Russian prosecutors investigating the country's August war with Georgia claim they have found evidence that Tbilisi committed genocide against the people of South Ossetia during the conflict.
An accusation by the Russian prosecutor’s investigative committee that Georgia committed genocide in its August conflict with Russia has provoked a furious war of words between Moscow and Tbilisi.
“We can say that we have witnessed the genocide of the Ossetian people,” claimed the head of the committee, Alexander Bastrykin, before going on to concede that 162 South Ossetians lost their lives during the conflict.
That’s a far cry from the 2,000 originally claimed by the Russians in August and the 500 cited by the South Ossetian authorities. It is not clear what percentage died during artillery exchanges and the aerial bombardment of Georgian positions in South Ossetia by the Russians. Nor is it clear how many of those killed were Ossetian militiamen, many of whom discarded their uniforms during the fighting.
“What’s important is not the number,” Bastrykin said. “What’s important is that we have established that there was a conscious and planned action to destroy the Ossetians as an ethnic group.” He did not offer any evidence.
The statement provoked outrage in Georgia, which described the accusations as a “cynical lie” and part of an ongoing Kremlin propaganda campaign.
It comes, too, against charges that Russia is seeking to conceal its own part in the ethnic cleansing of the Georgian population of South Ossetia.
Human rights organisations have consistently reported that Georgian villages, which make up over one third of the population of the breakaway province, have been systematically burned and looted by South Ossetian militias, despite the fact that the Russian army now has full responsibility for security in the province. Refugees from the area have reported mass killings and rape.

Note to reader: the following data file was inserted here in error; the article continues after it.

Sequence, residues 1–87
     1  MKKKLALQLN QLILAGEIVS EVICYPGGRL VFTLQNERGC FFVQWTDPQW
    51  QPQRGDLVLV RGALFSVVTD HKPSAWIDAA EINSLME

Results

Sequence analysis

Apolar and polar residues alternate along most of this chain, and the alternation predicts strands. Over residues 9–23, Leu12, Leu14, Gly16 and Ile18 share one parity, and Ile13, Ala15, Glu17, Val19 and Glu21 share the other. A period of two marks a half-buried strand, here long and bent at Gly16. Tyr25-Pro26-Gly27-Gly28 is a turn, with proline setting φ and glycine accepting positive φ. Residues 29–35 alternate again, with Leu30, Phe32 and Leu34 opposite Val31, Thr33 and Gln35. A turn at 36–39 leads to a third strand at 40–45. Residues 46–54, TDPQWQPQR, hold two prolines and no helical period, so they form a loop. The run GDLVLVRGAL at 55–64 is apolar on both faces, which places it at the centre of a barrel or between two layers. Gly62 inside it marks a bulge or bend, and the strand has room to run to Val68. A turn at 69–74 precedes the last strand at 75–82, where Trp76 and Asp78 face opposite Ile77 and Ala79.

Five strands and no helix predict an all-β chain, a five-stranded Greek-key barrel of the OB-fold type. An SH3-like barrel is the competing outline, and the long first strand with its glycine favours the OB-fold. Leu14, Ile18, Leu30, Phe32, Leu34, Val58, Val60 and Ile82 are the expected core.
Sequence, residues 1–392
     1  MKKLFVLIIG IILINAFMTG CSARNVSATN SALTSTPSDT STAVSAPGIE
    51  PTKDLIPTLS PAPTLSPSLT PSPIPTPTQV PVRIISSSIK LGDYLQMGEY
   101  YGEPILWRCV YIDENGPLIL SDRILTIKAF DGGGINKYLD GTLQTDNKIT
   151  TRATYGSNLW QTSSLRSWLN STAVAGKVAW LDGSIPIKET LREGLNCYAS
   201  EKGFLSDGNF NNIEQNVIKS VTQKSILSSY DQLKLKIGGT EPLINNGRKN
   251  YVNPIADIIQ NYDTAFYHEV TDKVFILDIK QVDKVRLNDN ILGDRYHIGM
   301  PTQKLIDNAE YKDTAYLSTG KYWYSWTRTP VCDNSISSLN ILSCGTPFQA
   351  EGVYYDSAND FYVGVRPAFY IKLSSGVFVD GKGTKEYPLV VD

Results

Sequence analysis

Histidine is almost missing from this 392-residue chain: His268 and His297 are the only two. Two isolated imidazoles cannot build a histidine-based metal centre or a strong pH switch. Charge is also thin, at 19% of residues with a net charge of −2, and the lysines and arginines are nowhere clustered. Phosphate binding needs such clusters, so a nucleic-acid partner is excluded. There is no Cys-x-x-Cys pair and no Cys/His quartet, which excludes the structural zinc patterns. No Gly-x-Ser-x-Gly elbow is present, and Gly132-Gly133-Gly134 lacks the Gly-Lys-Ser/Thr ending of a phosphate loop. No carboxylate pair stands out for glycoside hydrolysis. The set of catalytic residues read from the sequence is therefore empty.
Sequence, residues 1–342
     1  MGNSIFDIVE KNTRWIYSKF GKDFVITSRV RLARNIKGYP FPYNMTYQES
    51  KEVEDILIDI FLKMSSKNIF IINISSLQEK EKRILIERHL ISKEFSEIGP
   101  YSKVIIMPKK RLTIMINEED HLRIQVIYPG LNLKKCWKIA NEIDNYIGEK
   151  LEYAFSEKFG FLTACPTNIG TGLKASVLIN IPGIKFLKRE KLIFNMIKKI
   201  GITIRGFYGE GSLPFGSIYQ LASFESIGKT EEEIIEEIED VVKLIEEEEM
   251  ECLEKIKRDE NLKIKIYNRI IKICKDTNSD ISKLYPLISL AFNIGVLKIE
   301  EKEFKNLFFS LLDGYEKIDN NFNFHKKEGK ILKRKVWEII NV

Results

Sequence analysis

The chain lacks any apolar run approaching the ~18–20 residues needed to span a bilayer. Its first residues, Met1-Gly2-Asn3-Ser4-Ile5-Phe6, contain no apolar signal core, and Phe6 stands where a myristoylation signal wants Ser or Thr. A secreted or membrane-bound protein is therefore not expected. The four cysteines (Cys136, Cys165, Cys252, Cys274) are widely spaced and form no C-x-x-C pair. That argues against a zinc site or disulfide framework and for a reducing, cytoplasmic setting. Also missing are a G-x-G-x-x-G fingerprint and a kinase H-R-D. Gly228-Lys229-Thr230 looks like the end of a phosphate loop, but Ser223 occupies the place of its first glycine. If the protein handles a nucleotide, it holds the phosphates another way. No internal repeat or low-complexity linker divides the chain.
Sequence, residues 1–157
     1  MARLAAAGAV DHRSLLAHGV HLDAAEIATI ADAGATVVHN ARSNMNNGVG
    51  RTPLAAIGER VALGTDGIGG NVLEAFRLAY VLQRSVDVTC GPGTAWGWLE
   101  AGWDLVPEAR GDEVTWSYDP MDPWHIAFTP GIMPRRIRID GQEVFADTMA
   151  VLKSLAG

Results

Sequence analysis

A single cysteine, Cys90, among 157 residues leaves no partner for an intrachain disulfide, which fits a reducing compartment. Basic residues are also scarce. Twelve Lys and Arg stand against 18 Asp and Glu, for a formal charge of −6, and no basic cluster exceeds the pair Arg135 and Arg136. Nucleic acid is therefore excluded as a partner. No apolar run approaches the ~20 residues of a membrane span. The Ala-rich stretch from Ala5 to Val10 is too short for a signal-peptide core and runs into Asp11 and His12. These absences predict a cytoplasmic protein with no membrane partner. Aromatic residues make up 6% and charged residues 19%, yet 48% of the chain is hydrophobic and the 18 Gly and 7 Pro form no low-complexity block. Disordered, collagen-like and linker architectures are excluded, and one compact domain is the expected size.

Russia has recognised the two regions as independent - a step only followed by Nicaragua - but Georgia insists they are an inseparable part of its territory.
The report comes just one day after Moscow forced Europe's OSCE security and human rights watchdog to wrap up its observer mission in Georgia. Russia said it would not support the continuation of the OSCE mandate unless the Vienna-based body established separate missions in South Ossetia and Abkhazia, independent of its Tbilisi office.
The OSCE is made up of 56 states from Europe, Central Asia and North America. Russia was the only country to vote against the proposal to prolong the organisation’s mission in Georgia, which has been in place since 1992. Because the OSCE operates by consensus, Russia was able to impose a veto.
Diplomats said the veto reflected Moscow’s contempt for the watchdog, which it sees as a Western-manipulated body. Russia has not allowed OSCE monitors into South Ossetia since the conflict ended in August. Georgia says Russia is seeking to hide war crimes from the international community.
Date created : 2008-12-23